Denotation - dictionary definition of a word
AESOPIC LANGUAGE: In Russian criticism, the name for oppositional political writing hidden in circumlocution, fables, and vague references so that it can bypass official censorship (Harkins 1). The term refers to Aesop's Fabula, a collection of beast fables in which simple stories about animals contained morals or messages "between the lines," so to speak. The coinage of the term comes from Saltykov, who is both the first to use the term in this sense and the one whom many modern Russian critics consider the best example of such writings (Harkins 1).
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Setting - the place or location of the action. The setting provides the historical and cultural context for characters. It often can symbolize the emotional state of characters. Example – In Poe’s The Fall of the House of Usher, the crumbling old mansion reflects the decaying state of both the family and the narrator’s mind. We also see this type of emphasis on setting in Thomas Mann’s Death in Venice.
ASTERISM: A rather obscure punctuation mark to most modern users, an asterism consists of a triangle of three tiny asterisks, two on the bottom of a line, and one centered above those two. Textual editors used to insert the asterism to indicate that a small spot in a manuscript was damaged or missing. Most modern editors simply insert a line of asterisks or use ellipses to indicate these lacunae in modern editions. To create an asterism on a PC, the uniform code is U+2042, though no keystroke exists on the keyboard itself.
ACYROLOGIA: Also called acyrology, see discussion under .
But this history lesson isn't just names, dates, and agricultural innovations. Instead, it's gleaming golden armor, straining sinews, and wild drunken parties that go all night because everyone would rather tell stories about past glorious victories than think about the fact that they'll probably die horribly tomorrow. It's a brutal world, but one that offers the possibility of fame – and maybe even fortune, if you're lucky.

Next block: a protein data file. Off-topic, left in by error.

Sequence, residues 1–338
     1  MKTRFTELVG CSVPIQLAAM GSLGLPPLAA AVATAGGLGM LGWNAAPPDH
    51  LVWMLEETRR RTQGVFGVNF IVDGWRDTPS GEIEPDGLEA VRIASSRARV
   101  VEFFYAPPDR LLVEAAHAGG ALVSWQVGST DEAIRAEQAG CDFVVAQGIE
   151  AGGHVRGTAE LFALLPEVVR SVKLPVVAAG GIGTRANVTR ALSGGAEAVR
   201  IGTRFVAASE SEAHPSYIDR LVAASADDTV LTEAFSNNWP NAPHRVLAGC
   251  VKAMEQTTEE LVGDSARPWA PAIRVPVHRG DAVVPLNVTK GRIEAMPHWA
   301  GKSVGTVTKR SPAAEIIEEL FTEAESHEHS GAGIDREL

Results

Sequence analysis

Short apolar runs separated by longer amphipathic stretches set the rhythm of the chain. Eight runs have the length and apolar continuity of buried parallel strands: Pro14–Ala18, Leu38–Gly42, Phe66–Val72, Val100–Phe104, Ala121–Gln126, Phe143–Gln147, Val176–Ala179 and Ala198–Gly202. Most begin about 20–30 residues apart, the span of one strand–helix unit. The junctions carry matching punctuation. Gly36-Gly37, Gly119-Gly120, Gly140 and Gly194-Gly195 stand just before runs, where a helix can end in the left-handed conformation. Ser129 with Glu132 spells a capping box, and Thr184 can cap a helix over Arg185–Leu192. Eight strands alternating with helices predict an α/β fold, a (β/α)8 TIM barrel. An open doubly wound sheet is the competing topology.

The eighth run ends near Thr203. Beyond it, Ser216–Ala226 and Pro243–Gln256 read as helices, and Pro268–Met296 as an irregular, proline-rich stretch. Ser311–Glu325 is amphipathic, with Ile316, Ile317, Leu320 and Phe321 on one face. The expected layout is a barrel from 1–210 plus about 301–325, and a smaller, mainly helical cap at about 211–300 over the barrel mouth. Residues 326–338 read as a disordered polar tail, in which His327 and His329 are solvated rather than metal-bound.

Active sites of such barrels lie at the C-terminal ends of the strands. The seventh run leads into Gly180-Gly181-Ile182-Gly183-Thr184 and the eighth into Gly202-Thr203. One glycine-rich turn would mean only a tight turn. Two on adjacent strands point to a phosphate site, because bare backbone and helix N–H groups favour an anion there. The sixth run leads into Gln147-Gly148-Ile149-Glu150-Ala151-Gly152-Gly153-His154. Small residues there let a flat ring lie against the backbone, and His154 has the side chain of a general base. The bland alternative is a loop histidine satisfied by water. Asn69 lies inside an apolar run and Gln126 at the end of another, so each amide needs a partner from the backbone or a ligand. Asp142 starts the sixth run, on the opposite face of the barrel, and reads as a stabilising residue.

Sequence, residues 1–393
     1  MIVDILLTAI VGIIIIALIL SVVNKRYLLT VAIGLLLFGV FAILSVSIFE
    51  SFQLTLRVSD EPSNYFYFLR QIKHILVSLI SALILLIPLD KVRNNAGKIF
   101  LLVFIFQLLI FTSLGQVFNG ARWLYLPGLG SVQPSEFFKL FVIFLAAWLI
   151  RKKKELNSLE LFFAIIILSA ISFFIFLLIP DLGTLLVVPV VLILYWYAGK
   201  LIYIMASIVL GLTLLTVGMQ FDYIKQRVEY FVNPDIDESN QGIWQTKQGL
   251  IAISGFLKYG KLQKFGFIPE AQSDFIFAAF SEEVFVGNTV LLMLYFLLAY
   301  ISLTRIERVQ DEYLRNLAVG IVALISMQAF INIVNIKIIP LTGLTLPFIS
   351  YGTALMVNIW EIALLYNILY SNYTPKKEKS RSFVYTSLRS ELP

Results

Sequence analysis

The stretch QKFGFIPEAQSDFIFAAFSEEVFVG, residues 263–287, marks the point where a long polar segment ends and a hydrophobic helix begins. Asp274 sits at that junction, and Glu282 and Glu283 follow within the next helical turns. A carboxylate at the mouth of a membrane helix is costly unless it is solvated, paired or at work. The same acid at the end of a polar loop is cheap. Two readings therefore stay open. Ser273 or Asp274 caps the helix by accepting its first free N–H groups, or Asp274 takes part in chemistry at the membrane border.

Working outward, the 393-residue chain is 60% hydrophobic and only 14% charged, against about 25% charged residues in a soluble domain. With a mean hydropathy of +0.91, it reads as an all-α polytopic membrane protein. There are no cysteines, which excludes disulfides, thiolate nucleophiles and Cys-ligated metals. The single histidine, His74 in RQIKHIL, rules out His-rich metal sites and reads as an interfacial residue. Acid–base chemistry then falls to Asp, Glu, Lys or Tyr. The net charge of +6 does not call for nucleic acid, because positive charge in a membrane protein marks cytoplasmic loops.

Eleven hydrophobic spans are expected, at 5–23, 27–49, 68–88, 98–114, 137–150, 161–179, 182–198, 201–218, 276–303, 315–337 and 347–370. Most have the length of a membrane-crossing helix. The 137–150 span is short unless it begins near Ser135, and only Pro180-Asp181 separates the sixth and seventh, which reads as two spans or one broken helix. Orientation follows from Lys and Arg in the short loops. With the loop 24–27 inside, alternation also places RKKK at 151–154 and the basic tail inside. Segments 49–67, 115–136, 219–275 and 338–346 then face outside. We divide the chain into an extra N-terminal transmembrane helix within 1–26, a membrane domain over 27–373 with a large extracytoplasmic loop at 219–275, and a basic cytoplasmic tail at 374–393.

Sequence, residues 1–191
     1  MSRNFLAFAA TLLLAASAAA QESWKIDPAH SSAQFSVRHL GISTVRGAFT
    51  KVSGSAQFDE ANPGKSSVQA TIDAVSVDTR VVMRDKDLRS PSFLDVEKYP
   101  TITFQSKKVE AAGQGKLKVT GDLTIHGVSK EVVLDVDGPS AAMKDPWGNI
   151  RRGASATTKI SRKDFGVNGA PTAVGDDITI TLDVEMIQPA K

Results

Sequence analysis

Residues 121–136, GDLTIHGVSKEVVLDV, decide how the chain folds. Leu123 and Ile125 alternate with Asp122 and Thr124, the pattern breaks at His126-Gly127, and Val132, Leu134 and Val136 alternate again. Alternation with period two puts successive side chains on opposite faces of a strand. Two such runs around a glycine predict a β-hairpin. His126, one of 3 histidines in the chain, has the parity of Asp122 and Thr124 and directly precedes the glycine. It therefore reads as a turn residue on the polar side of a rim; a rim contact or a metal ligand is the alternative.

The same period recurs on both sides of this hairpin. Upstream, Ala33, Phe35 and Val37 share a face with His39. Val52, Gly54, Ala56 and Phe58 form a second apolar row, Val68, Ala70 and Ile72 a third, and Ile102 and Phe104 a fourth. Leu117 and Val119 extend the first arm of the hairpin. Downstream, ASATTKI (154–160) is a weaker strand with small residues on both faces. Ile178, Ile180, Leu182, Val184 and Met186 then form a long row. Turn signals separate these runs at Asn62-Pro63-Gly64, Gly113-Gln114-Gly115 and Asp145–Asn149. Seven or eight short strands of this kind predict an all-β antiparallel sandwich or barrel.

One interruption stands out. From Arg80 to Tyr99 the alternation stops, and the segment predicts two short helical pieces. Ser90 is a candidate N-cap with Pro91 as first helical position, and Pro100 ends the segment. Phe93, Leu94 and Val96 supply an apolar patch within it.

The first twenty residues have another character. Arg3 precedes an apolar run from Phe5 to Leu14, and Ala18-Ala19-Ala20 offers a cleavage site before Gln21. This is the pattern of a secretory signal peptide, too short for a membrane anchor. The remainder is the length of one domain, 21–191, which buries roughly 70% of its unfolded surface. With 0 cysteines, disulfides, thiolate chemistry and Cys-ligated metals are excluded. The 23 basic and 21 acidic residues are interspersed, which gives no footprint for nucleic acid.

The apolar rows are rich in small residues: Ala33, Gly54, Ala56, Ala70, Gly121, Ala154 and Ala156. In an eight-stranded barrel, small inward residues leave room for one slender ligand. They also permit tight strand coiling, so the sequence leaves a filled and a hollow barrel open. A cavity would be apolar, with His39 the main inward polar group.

In short, Beowulf is 100% dragons and demons and heroes and it'll make you seem improbably and stunningly well-read. After all, you will have read the first recorded epic poem written in English.
ADAGE: A proverb or wise saying.
Allegory - narrative form in which the characters are representative of some larger humanistic trait (i.e. greed, vanity, or bravery) and attempt to convey some larger lesson or meaning to life. Although allegory was originally and traditionally character based, modern allegories tend to parallel story and theme.
ADAGY: The act of speaking or writing in adages.
The iamb stumbles through my books; trochees rush and tumble; while anapest runs like a hurrying brook; dactyls are stately and classical.
Linguists more generally call this device "form shift."
But imagine if there were a book that was a thrill a minute, full of gore and mayhem... and made you sound like the most impressively well-read person around.
Many Anglo-Saxon charms may have been apotropaic chants.
Imagery - the author’s attempt to create a mental picture (or reference point) in the mind of the reader. Remember, though the most immediate forms of imagery are visual, strong and effective imagery can be used to invoke an emotional, sensational (taste, touch, smell etc) or even physical response.